Sunday, November 09, 2008
It doesn't make sense to me that when it is freezing outside you use electricity to cool or freeze air in a part of your house (inside the fridge). Conversely when it it hot outside and you have the airconditioner turned on it has to work against the fridge which is heating up your house (the area behind or on top of it).
I haven't thought this through or done much research, but is seems like a great green investment opportunity. Somebody is probably already working on it . Who ? Let me know ! John@verkoopwinkel.nl
From Wikipedia, the free encyclopedia
A heat pump is a machine or device that moves heat from one location (the 'source') to another location (the 'sink' or 'heat sink') using the physical concept of mechanical work. Most heat pump technology moves heat from a low temperature heat source to a higher temperature heat sink. Common examples are food refrigerators and freezers, air conditioners, and reversible-cycle heat pumps for providing thermal comfort. Heat pumps can also operate in reverse, producing heat. This produces an efficient way of drying, and manufacturers such as AEG and Miele have released tumble dryers that utilise this method. It is claimed to be more energy saving and quicker than conventional drying.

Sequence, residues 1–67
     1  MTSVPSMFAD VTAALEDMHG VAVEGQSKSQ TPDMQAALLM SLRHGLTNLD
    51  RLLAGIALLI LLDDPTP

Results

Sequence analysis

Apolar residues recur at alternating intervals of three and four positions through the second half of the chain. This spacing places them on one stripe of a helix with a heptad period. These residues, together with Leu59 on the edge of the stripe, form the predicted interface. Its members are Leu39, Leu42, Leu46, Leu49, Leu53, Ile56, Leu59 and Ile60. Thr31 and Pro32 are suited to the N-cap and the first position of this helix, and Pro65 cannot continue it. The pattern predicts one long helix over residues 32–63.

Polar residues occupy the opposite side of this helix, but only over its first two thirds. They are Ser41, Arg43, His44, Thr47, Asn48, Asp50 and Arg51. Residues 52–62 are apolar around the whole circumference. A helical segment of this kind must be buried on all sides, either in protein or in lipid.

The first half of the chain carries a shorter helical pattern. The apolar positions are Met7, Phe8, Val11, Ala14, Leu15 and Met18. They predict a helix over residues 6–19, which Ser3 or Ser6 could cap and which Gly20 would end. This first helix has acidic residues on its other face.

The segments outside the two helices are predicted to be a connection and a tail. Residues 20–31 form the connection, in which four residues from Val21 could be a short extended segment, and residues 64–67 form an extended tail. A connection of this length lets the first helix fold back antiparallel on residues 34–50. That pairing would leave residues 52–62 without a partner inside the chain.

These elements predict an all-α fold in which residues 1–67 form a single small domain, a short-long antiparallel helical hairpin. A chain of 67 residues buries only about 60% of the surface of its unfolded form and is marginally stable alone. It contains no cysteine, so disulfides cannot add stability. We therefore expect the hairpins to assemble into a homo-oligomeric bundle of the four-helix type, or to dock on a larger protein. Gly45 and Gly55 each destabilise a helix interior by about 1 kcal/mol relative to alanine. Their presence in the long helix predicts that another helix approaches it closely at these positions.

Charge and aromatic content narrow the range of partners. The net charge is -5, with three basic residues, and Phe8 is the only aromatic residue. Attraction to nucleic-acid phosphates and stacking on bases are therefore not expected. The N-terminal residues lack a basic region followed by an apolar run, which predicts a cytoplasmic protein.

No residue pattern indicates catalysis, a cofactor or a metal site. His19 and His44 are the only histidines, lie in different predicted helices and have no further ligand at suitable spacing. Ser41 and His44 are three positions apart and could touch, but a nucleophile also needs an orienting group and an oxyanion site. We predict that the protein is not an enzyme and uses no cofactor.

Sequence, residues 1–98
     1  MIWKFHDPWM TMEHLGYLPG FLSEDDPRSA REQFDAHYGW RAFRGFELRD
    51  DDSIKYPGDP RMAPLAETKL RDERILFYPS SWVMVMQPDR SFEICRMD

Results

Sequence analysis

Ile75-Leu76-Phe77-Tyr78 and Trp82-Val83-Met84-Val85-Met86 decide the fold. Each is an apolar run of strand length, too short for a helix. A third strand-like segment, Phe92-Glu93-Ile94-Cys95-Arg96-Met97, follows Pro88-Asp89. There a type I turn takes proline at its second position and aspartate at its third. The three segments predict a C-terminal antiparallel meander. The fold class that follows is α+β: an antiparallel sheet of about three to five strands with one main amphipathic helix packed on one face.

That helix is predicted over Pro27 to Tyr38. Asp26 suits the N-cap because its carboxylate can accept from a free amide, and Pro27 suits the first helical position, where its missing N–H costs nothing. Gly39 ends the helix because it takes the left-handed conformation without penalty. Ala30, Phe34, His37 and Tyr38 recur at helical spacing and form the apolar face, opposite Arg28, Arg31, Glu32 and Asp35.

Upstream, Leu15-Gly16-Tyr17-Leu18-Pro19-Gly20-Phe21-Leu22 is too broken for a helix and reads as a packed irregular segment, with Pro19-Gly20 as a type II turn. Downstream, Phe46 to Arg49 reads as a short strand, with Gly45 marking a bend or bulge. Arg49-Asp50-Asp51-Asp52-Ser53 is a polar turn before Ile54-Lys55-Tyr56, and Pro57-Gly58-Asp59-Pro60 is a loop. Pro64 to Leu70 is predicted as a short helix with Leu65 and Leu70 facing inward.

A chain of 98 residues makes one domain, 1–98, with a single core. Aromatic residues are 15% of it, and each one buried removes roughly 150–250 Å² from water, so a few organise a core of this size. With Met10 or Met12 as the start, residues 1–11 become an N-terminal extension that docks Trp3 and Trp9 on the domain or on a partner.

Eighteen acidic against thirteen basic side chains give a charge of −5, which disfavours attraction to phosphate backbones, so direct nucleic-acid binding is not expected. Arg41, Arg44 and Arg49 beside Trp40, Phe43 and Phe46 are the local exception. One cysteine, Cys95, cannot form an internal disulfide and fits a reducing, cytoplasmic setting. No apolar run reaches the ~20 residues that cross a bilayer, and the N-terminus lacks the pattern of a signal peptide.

Heat pumps can be thought of as a heat engine which is operating in reverse. One common type of heat pump works by exploiting the physical properties of an evaporating and condensing fluid known as a refrigerant. In heating, ventilation, and cooling (HVAC) applications, a heat pump normally refers to a vapor-compression refrigeration device that includes a reversing valve and optimized heat exchangers so that the direction of heat flow may be reversed. Most commonly, heat pumps draw heat from the air or from the ground. Air-source heat pumps with a coefficient of performance (COP) 3 are developed in Japan at −20 °C.
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